The job of satellite and satellite product developers is to solve the problem for businesses at affordable pricing, and that’s the difference. We have changed the billing models to change the profitability and affordability of the company. It varies considerably; the idea here is to adapt the costing and billing to what makes sense for individual businesses.

What is the pricing for a single user? 

There are solutions out there that are focused on the individual, which cost about ZAR 700. However, we are currently not targeting that market as our solution requires that the users be in a fixed location. 

We have also developed our solution for customers, which entails installing a satellite terminal at a fixed location and deploying a WiFi hotspot solution as a community service. However, there is some discussion around the distribution because satellite terminals are still relatively pricey for large-scale consumer rollout.

How many countries is the service available in?

Twoobii is available in nine countries – Botswana, Eswatini, Lesotho, Malawi, Mozambique, Namibia, South Africa, Zambia and Zimbabwe. Previously, we developed some solutions in regions, including Northern and Western Africa, but the Twoobii solution is targeted at Southern Africa.

Do you have plans to move to other regions in Africa?

Yes, I believe that we can expand into other African regions as we move forward. But, of course, we are also not oblivious of the challenges associated with a pan-African project, but we are well poised to tackle any challenge that arises.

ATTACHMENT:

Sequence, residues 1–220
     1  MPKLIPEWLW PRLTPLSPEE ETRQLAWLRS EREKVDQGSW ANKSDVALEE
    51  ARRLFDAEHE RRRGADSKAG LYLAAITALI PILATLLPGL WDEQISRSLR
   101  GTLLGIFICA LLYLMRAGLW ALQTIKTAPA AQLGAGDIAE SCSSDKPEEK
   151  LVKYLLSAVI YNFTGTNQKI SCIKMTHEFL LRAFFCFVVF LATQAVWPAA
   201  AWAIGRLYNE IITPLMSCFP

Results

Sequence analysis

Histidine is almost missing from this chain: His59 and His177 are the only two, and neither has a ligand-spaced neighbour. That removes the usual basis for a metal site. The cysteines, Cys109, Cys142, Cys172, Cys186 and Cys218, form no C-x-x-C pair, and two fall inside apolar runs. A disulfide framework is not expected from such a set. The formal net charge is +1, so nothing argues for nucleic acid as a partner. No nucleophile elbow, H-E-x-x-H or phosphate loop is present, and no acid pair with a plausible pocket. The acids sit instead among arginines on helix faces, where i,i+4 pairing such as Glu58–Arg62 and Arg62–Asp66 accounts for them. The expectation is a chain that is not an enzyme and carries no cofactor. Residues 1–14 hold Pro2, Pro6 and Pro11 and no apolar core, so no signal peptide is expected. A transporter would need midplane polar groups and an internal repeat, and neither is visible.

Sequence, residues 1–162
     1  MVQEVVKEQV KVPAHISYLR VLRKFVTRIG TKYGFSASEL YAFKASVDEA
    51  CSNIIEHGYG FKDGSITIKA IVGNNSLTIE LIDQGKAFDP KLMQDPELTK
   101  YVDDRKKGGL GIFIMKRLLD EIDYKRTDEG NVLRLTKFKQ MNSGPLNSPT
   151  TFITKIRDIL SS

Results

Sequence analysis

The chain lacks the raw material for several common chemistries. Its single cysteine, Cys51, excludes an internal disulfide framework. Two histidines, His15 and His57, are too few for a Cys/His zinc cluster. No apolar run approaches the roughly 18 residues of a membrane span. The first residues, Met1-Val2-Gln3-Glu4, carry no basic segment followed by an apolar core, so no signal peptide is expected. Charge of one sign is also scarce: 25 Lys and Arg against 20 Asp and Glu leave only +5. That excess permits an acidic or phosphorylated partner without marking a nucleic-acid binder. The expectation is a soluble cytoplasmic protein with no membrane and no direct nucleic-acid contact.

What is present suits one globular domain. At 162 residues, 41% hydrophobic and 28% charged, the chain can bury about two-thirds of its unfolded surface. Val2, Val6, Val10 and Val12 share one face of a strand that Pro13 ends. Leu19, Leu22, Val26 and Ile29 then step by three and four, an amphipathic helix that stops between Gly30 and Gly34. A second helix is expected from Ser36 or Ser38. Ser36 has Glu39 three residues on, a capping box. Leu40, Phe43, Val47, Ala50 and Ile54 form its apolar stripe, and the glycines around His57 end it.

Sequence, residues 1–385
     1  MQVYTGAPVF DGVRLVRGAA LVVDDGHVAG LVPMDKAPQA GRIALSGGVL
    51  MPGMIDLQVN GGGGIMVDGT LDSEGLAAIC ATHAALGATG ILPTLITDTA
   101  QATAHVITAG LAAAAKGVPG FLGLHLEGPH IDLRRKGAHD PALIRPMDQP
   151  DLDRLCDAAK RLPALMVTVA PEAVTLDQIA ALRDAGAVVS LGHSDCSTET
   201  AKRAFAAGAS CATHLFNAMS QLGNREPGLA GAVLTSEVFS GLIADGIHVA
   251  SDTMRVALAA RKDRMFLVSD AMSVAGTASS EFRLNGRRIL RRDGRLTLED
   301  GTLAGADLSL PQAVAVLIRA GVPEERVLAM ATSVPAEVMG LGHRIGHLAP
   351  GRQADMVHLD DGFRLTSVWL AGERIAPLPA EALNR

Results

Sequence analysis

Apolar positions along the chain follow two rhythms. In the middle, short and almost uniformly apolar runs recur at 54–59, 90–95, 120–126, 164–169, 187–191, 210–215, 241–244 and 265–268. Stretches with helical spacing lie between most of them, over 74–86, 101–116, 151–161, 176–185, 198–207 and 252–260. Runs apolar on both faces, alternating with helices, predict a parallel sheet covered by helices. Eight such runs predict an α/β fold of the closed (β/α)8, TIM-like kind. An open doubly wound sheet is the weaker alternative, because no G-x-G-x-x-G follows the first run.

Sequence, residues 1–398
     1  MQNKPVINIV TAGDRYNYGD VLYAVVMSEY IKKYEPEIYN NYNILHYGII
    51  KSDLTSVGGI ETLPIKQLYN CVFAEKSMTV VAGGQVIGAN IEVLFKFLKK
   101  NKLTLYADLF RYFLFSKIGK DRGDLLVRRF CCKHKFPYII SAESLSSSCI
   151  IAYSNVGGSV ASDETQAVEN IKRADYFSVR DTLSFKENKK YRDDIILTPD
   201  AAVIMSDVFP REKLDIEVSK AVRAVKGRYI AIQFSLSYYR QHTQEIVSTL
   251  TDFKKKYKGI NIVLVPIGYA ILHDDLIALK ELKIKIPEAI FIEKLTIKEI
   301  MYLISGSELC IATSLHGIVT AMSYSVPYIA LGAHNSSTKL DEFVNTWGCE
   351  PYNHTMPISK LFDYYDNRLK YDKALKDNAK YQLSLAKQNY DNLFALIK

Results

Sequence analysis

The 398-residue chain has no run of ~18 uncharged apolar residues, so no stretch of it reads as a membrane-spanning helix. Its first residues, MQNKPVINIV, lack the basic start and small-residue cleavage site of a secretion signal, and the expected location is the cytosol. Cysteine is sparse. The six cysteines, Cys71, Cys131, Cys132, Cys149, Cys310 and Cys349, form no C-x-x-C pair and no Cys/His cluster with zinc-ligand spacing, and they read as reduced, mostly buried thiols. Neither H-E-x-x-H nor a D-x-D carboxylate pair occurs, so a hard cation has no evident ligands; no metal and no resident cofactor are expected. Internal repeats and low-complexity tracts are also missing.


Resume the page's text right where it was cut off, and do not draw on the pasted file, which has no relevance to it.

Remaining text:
What effect would the Twoobii Smart Satellite have on Africa’s digital inclusion plan? 

We are supporting that and hoping to make a difference in this regard. However, it is a big project requiring a long-term development plan. Twoobii’s role will be to enhance connectivity and digitalisation by providing broadband access to everyone, including the remote areas. If you consider school projects, government developments and general business, I believe that our solutions are very instrumental in driving the digitalisation from the enterprise/government/institution angle to the consumer environment. Satellite is arguably the best choice for connectivity in Africa [especially the remote areas], regarding the cost of deployment relative to other methods. 

What are some of the barriers you have identified to doing this business? 

One is regarding service delivery in the market. We are in a very niche industry. As such, we have had to scale through several regulatory hurdles concerning getting licences and permits to operate in different countries, which usually attracts some regulatory charges. 

Also, because the satellite industry is an old industry, African regulators make provisions for satellites based on past technologies and precisely, which is not aligned with the current applications of satellites today. 

We need to review and update the regulations to adapt them to the current development and align the requirements with the technology we have today.